Students return to class as Ministry, CUPE return to bargaining table

CUPE education workers protesting outside MPP Todd Smith's office last month. (Desirée Decoste/




A cease fire in the labour war between the Ministry of Education and the Canadian Union of Public Employees (CUPE) membership allowed elementary and secondary school pupils to return to class on Tuesday but it’s clear from local members their resolve is strong and they may return to the picket lines.

On Friday and again on Monday, CUPE local 1022 members joined in with fellow members across Ontario in public picketing in response to the Ontario Government passing Bill 28, a piece legislation that used the notwithstanding clause of the Canadian Charter of Rights and Freedoms to force a contract settlement on CUPE members that work in Ontario’s public schools. Workers in the membership are responsible for custodial, clerical, library duties as well as staffing educational assistant roles.

Locally, workers at the Hastings and Prince Edward District School Board, Algonquin and Lakeshore District School Board both CUPE and other education union members gathered for a protest outside Bay of Quinte MPP Todd Smith’s office in Rossmore.

A pledge made by by Premier Doug Ford Monday to repeal Bill 28 later this week led CUPE to instruct its members to return to work on Tuesday but it’s clear there is a strong sense of unity between the various education unions across the province and that the CUPE membership will continue to negotiate for fairer wages in light of a decade of accepting lower-than-the-rate of inflation raises from the province.

CUPE Local President Jo-Anne White (Desirée Decoste/Gazette Staff)

“The camaraderie between the teacher unions and CUPE is amazing and incredible,” Local 1022 president Jo-Anne White told the Gazette Monday after it was announced Bill 28 would be repealed and CUPE and the Ministry would be going back to the bargaining table. “They’ve been out everyday with us, their here, their supporting us, their bringing donations, food, some of the schools are doing grocery cards for their CUPE workers. They are recognizing what the costs are and that the people can’t afford to be without food so their doing lots of nice things for their fellow workers.”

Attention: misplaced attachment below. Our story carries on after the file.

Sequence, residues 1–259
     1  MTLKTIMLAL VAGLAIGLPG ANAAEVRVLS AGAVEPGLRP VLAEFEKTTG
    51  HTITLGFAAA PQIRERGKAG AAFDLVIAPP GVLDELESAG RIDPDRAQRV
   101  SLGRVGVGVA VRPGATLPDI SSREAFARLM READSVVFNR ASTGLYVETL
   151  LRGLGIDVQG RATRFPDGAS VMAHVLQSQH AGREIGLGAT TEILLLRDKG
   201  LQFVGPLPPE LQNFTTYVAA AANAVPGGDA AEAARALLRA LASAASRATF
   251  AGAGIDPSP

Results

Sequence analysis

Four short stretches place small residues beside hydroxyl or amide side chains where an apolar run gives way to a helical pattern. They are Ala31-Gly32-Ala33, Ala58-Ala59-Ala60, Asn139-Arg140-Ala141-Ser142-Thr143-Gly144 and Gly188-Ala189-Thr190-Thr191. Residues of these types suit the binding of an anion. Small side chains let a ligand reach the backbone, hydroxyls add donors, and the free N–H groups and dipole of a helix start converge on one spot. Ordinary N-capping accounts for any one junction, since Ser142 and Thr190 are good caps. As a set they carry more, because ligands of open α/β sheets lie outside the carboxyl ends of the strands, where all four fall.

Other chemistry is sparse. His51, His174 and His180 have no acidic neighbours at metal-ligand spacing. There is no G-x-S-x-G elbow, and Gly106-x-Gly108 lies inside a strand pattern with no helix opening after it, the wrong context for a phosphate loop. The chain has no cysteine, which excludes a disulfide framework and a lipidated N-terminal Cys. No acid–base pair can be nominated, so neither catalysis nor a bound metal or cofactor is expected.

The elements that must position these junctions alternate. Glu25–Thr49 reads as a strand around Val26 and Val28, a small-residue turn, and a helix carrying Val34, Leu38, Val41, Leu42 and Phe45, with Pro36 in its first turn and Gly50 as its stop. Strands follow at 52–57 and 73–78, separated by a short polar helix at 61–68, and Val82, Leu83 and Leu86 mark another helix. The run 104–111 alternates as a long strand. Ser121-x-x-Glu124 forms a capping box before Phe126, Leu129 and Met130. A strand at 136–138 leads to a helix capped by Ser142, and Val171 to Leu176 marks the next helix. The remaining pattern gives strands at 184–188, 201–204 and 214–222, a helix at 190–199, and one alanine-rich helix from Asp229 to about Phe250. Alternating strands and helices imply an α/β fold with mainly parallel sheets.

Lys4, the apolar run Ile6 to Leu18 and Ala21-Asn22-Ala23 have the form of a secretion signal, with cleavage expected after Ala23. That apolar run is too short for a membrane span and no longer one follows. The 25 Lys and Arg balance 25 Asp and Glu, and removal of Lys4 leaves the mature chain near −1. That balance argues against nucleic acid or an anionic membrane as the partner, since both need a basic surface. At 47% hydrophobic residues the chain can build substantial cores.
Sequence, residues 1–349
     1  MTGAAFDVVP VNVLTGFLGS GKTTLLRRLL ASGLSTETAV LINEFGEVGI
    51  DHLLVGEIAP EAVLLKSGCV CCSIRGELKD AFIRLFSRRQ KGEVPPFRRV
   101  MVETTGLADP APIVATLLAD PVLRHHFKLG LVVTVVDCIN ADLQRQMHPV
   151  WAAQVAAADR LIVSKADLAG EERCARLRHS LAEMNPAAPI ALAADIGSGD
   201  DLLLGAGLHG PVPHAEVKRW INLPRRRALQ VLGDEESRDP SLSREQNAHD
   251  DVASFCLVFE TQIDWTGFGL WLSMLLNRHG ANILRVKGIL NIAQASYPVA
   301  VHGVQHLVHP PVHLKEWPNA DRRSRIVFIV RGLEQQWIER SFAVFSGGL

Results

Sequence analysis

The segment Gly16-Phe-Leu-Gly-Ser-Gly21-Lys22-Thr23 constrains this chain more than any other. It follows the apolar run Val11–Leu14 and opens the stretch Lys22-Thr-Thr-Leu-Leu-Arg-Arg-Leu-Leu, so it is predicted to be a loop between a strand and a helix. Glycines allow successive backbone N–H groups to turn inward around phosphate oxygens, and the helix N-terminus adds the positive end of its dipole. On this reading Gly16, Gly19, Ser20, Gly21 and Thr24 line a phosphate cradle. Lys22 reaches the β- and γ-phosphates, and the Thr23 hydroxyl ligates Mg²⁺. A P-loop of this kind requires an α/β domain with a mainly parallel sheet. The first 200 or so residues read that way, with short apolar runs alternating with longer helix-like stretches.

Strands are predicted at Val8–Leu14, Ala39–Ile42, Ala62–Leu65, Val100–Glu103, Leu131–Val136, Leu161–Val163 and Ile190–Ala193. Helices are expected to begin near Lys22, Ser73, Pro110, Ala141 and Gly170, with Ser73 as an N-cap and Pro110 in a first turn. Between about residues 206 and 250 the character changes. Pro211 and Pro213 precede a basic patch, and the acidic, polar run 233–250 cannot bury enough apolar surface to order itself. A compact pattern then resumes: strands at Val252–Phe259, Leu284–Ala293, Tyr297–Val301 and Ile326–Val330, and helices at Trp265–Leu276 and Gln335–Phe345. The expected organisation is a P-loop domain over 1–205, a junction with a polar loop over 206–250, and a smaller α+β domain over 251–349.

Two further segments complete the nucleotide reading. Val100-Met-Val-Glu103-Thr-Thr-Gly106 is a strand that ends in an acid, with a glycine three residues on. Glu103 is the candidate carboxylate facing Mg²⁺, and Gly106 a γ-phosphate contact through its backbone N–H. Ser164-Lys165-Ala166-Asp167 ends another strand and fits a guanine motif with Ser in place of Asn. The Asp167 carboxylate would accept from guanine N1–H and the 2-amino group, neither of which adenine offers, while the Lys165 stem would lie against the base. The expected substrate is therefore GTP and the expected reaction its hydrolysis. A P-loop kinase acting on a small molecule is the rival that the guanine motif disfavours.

With education workers back to the classrooms and in person learning resumed,  CUPE will return to the bargaining table to seek wages that reflect similar increases awarded to other public public sector unions. In fact, public displays of unity by several high power unions from across Canada concerned over the usage of the notwithstanding clause likely helped CUPE’s cause and forced Ford and Minister of Education Stephen Leece to pull in their horns and return to the bargaining table.  

“The notwithstanding clause is basically a dictatorship forcing a contract on you,” expressed White. “Those types of negotiations went out with the dark ages and collective bargaining came in. Collective bargaining is the right to bargain collectively, just as it states. The Ford government was trying to trample on Human Rights, so its not just CUPE, it’s not just OPSEU, if they come for us now they’ll come for the other unions later. It was an attempt union busting at its finest.”

“I think he realized the fight was to big for him,” said White of Ford’s decision. “I think they thought because our workforce is 70 per cent female that it was just one of those things that they could just shove down our throats and we would just accept it.  What (Ford) didn’t expect was the uniting of the different union groups and the standing up for our Charter rights. But the fight isn’t over and to see the attack on the healthcare industry which is predominantly female and education sector that is predominantly female, is unacceptable.”

White added how proud she is of their members and how strong they stayed through the whole process.

“I’m just so proud of our members,” White expressed. “Here we have both Algonquin Catholic Board and Hastings Prince Edward Board and CUPE members and I’m proud of them and they stood strong. Even when I thought spirits might get down when they started thinking about the loss of income and fines…they were here, they were strong and they realized the importance of solidarity. This was a test that we’ve really never had to face before.”

In a statement on Monday, Leece said with CUPE returning to the bargaining table, at the earliest opportunity, the province will revoke Bill 28 in its entirety and “be at the table so that kids can return to the classroom after two difficult years.”

“As we have always said and called for, kids need to be back in the classroom, where they belong,” Lecce said.